I recently read a beautiful novel called The Lovely War. On the surface it's a fairly typical story about the strength of love amid the ravages of war. What sets it apart from similar stories is that the chapters are narrated from the varying perspectives of different Greek gods: Aphrodite (Love), Ares (War), Apollo (Creativity … Continue reading Archetypes
One of the great archetypes of world literature is the Quest: one hero given a mission to do something that seems impossible, whether that’s to conquer the unconquerable enemy, or scale the unscalable mountain. It’s such a stirring trope to the human imagination that it forms the basis of the Hero’s Journey, the universal narrative … Continue reading The Great Quest (A Reflection on Deuteronomy 30.11-14)
There’s an old episode of The Simpsons in which Homer, having sold his soul for a donut, is brought to Hell. Specifically, he is taken to Hell’s “Ironic Punishment Division,” where he is force fed donuts for all eternity. Of course, being Homer J. Simpson, the joke is on the demons: he goes on happily … Continue reading By Our Own Words (A reflection on Luke 19.11-28)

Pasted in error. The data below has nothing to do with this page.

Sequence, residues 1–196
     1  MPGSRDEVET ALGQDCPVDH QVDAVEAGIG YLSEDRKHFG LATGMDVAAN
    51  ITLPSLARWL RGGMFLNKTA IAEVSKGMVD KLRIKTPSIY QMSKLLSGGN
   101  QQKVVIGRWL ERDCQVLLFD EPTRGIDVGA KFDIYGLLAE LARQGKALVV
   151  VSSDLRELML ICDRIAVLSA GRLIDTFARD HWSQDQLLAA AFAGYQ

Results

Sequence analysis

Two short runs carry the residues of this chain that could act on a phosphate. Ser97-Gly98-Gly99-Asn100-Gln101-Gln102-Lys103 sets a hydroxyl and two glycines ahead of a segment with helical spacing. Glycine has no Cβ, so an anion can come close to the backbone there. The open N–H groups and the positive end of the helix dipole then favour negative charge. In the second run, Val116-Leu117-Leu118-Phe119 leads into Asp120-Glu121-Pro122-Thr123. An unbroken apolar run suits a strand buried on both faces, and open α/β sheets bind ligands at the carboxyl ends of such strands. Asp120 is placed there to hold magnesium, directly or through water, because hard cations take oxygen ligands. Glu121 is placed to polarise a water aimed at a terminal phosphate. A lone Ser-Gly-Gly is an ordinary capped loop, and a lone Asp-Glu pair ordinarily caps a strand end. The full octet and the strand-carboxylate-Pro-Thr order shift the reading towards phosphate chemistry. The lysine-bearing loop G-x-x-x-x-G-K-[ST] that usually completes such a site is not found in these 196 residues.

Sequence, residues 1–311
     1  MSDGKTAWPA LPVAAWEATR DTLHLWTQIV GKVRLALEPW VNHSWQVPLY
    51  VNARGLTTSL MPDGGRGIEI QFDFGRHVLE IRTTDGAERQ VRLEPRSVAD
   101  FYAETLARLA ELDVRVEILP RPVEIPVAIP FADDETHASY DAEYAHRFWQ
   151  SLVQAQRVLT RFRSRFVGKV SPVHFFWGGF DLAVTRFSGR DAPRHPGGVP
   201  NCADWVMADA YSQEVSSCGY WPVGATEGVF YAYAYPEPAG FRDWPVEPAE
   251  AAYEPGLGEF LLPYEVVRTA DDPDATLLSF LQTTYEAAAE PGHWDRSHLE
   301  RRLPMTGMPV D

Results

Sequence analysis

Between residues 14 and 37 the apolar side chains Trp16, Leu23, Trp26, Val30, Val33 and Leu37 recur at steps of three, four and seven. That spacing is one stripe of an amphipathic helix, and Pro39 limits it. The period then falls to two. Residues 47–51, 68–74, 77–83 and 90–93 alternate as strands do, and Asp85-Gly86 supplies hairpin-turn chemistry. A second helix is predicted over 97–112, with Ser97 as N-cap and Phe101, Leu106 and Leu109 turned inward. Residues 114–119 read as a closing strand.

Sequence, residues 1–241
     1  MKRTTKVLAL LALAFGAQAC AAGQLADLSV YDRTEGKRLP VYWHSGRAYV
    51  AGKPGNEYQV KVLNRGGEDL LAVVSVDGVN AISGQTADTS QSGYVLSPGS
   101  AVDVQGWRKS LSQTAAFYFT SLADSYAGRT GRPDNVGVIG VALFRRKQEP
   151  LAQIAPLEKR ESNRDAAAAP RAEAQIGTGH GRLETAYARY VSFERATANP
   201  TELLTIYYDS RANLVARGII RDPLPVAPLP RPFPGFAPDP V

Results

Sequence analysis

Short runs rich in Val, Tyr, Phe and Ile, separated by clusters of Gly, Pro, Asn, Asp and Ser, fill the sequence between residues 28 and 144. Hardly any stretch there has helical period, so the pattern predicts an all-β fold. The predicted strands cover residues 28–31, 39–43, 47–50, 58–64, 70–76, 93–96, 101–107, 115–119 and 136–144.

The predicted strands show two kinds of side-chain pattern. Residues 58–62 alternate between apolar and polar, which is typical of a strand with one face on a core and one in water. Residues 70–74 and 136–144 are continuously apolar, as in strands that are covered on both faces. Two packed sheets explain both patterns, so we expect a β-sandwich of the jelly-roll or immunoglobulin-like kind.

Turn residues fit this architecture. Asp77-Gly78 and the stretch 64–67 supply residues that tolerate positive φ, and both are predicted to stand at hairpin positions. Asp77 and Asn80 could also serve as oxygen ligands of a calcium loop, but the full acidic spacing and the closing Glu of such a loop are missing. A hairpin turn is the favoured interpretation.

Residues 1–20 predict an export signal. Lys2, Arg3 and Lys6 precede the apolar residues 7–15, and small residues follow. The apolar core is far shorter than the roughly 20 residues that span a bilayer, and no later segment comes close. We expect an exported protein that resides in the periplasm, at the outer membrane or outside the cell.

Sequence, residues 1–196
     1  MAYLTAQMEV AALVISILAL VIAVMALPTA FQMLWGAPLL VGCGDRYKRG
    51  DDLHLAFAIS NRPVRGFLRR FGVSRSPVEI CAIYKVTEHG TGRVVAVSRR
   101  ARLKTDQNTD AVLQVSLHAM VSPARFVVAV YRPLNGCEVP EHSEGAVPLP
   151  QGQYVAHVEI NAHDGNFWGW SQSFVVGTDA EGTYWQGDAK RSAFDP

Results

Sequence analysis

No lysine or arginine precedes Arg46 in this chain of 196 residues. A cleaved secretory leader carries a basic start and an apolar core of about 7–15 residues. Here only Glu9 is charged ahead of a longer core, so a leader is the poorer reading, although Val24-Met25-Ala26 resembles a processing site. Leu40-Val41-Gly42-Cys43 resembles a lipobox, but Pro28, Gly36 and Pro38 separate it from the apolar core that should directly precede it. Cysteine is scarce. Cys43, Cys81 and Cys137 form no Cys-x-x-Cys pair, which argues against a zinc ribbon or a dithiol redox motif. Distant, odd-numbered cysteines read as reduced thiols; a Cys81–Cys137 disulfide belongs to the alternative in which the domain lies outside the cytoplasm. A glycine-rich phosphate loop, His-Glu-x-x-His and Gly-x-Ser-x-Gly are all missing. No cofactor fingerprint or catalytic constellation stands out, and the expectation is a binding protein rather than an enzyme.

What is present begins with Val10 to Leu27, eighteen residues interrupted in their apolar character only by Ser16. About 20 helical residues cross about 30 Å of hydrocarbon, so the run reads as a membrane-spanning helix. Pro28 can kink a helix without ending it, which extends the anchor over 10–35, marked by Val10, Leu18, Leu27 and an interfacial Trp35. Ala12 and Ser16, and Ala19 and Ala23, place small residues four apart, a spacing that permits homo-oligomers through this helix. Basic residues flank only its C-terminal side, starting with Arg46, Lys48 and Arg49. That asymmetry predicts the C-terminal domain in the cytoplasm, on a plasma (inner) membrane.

For the past couple of weeks, I’ve been obsessed. Pretty much every spare moment I’ve had has been spent studying, reading about, and wrestling with a particular story from the Hebrew Bible: Jehu’s rebellion in 2 Kings 9-10. A strange thing for me to be obsessing over, I know. It’s a violent mess of a … Continue reading Stories Matter.
Endings are arbitrary and illusory. “The End” is never really the end. Just think of most of our conventional story endings: the guy gets the girl, the hero saves the day, “they lived happily ever after,” and the underdog comes out on top — none of these are actual endings at all: the guy may … Continue reading Endings (A reflection on Mark 16)